Smartphones have enhanced our lives

    In our 2016 Connected Consumers Report, we referred to the smartphone as the ‘hub of the consumer’s life’ – a nexus where their offline lives meet their digital ones. Smartphones are the top choice for online shopping (it used to be the desktop) as they give shoppers numerous benefits and convenience. Our research shows that 45% of all shopping is influenced by mobile, and without having to enter the physical stores, shoppers can avoid queues, order ahead and enjoy customized offers. Smartphones are also beneficial for e-commerce sites that want to move offline, for example Amazon – which has recently been making headlines for opening bookstores and grocery stores. Amazon has been using mobile technology to track customer preferences and sales, and enabling shoppers to grab groceries and walk out of the store as the order gets posted to the shopper’s Amazon account later. Closer to Singapore, we’ve seen homegrown brands like Naiise, HipVan and Love Bonito extend their online presence offline in shopping malls. Naiise for example, offers self-collection services at its physical stores for online orders. hbspt.cta.load(2405078, '19fbe304-01ff-4a00-a0a7-7864a1840b6e', {});

    The role of smartphones in consumer retail

    In our global survey on consumers’ activities with mobile phones in stores, we found that globally, 40 percent of shoppers use their smartphones while in a physical store to compare prices and contact a friend for advice, while 23 percent and 22 percent buy products through an app or through a website respectively, proving that once customers step through the door, even more can be done to seal the deal. Beauty retailer Sephora for example, has successfully used augmented reality and lip-mapping technology in it’s app – Sephora Virtual Artist, to instantly and effortlessly help users figure out which of 3,000 lipsticks shades suits them most – a typically time consuming task. Singapore shopping malls such as 313@Somerset and Parkway Parade have been experimenting with proximity marketing and mobile location analytics to reach out to shoppers who are surfing nearby, in a more targeted manner while showcasing offerings effectively. Through proximity alerts, patrons are able to enjoy exclusive deals, purchase and redeem their items immediately.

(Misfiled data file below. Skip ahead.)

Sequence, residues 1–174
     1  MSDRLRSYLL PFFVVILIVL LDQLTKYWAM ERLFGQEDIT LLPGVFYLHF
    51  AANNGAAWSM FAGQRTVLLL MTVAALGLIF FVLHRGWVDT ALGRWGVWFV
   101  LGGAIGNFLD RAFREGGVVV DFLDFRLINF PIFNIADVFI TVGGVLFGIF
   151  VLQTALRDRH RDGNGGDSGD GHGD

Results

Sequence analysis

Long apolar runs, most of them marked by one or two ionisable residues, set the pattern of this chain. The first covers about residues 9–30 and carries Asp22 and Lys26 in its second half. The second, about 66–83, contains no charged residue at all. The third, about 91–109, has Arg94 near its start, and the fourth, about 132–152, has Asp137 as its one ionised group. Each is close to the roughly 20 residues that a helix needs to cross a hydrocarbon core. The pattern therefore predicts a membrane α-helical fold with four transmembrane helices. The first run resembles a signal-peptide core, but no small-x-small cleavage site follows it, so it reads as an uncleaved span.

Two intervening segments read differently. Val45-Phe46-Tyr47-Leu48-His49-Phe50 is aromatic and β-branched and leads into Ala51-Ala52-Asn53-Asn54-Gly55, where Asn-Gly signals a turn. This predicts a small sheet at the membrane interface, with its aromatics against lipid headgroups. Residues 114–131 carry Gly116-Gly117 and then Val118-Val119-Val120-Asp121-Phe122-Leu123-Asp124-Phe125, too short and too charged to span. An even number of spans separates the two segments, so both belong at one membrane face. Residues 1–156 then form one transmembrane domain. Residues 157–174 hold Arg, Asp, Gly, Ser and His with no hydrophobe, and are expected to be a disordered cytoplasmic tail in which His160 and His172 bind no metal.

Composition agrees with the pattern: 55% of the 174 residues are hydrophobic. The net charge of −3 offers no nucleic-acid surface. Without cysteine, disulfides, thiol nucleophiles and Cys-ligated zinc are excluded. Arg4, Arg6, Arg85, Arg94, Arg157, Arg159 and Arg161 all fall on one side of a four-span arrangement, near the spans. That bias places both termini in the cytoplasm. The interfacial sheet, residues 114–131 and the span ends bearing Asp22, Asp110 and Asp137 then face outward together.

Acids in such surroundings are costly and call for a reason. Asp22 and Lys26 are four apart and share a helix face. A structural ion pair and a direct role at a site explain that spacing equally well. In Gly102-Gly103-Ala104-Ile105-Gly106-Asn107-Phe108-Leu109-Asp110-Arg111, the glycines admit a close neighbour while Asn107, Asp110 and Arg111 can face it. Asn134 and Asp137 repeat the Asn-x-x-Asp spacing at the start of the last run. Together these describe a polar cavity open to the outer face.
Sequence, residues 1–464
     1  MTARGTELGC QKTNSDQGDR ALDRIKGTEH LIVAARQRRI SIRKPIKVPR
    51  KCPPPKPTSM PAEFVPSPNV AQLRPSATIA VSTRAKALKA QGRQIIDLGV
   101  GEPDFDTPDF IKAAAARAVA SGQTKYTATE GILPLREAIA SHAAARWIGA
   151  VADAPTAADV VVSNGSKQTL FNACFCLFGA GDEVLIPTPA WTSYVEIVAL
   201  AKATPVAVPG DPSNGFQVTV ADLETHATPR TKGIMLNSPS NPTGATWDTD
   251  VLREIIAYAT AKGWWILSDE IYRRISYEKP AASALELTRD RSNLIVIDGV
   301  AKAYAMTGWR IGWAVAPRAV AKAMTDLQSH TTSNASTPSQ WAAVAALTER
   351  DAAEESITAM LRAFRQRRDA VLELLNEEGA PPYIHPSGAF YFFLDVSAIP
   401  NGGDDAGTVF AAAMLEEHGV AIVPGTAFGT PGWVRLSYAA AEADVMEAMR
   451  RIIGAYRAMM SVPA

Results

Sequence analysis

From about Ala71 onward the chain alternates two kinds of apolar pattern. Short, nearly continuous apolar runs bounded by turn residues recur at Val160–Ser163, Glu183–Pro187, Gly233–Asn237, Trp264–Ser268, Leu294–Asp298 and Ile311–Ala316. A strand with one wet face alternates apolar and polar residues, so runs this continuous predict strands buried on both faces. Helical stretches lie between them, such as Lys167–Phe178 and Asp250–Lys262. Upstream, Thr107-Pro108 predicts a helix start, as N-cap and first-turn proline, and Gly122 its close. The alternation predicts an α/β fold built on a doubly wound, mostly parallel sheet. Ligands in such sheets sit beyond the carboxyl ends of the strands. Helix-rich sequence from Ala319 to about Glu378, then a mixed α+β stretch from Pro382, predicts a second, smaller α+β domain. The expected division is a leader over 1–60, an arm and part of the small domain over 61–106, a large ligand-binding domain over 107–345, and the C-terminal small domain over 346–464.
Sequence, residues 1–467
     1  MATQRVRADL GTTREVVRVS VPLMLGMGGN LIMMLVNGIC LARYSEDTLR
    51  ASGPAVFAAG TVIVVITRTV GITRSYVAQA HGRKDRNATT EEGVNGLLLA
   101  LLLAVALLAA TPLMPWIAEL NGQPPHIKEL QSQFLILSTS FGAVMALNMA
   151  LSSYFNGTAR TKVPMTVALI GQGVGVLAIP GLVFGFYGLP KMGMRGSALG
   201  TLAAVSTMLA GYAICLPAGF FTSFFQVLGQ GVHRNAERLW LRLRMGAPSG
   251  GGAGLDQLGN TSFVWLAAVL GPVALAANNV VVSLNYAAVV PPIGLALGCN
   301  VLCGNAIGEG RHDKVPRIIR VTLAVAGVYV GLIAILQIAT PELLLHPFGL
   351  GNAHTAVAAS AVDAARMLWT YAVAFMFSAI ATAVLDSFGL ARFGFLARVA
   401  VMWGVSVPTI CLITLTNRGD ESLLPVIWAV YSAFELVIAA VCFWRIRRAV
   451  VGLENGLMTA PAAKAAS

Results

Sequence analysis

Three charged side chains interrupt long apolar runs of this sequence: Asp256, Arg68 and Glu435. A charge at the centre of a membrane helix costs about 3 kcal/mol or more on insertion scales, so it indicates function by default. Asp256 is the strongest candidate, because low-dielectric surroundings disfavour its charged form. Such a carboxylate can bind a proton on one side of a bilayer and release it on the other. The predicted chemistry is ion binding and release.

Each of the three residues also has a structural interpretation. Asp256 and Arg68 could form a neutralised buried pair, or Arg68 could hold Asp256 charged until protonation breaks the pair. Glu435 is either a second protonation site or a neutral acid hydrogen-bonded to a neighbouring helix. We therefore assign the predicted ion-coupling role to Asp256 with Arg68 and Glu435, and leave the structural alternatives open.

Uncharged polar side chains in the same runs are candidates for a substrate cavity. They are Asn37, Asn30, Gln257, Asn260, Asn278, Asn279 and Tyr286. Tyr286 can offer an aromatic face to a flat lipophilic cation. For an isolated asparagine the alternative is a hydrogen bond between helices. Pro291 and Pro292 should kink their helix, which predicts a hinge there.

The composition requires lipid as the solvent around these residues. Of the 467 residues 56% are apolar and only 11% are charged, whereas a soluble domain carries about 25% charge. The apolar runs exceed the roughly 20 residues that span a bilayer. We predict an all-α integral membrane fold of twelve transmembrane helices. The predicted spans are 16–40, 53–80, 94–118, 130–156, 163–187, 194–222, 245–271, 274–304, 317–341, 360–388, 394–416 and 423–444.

Winning consumers with customized mobile services

    One of the most valuable resources of a smartphone is that it can provide retailers with information, which is key to capturing brand loyalty – a trait that today’s spoiled-for-choice Connected Consumers are lacking. Brands can leverage customer data and point-of-sales (POS) analytics to offer more personalized services such as customized offers. In turn, this presents an opportunity to generate long-term relationships. AsiaMalls for example, which owns six heartland malls, has seen success with AMperkz, its card-less loyalty program that enables personalized and location-based rewards and exclusive member offers. Starbucks too, has seen massive success in the past six years by taking its popular loyalty program to the mobile platform, resulting in higher sales, customer loyalty and foot traffic. Last year, 25 percent of the chain’s transactions in the United States were from a smartphone. Mobile Order & Pay, the company’s mobile order-ahead service has been lauded for providing convenience, but the code behind it – the data-driven algorithm to predict, personalize and recommend individual offerings at checkout shouldn’t be understated either as it’s a data-driven Artificial Intelligence (AI) algorithm based on consumers’ preferences and behavior; and behaviors that Starbucks is trying to drive. In the age of the Connected Consumer, omnichannel shopping is becoming the new normal. Therefore, understanding the shopper’s purchase journey is crucial – and this is one of the toughest challenges faced by retailers today. However, armed with research insights on the route shoppers take when making a purchase, ways in which different online and offline touchpoints influence their purchase decision, and the type of media they are exposed to; retailers can optimize their omnichannel strategy. Karthik Venkatakrishnan is Regional Director at GfK. To share your thoughts, please email karthik.venkatakrishnan@gfk.com or leave a comment below. hbspt.cta.load(2405078, '19fbe304-01ff-4a00-a0a7-7864a1840b6e', {});